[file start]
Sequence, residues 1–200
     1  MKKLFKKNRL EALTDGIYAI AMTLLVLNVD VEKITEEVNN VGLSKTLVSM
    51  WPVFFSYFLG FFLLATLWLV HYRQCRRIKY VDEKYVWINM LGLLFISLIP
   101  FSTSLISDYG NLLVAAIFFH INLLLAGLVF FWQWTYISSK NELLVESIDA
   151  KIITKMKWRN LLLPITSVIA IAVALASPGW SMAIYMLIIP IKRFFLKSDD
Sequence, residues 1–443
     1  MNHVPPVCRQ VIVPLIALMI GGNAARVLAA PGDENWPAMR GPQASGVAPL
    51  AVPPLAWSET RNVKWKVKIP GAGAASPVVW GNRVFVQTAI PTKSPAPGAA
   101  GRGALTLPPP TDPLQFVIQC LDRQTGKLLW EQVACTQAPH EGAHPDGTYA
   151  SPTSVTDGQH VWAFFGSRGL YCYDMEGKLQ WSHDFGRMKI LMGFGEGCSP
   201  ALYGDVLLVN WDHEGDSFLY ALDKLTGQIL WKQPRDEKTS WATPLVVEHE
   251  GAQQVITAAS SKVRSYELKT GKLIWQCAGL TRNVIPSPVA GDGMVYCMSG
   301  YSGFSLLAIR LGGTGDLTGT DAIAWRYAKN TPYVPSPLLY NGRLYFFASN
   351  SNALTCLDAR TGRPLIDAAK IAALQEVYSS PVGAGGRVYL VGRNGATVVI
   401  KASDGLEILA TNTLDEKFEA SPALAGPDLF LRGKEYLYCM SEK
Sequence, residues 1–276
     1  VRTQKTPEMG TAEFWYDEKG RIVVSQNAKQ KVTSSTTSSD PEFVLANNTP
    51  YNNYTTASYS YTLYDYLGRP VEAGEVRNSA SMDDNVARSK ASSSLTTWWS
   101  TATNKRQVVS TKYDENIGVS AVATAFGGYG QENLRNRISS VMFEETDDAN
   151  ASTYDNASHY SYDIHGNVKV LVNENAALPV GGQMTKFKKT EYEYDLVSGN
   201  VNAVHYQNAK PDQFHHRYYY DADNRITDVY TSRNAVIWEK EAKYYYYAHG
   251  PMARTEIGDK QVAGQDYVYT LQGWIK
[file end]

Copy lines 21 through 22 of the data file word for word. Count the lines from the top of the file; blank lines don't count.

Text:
   201  VNAVHYQNAK PDQFHHRYYY DADNRITDVY TSRNAVIWEK EAKYYYYAHG
   251  PMARTEIGDK QVAGQDYVYT LQGWIK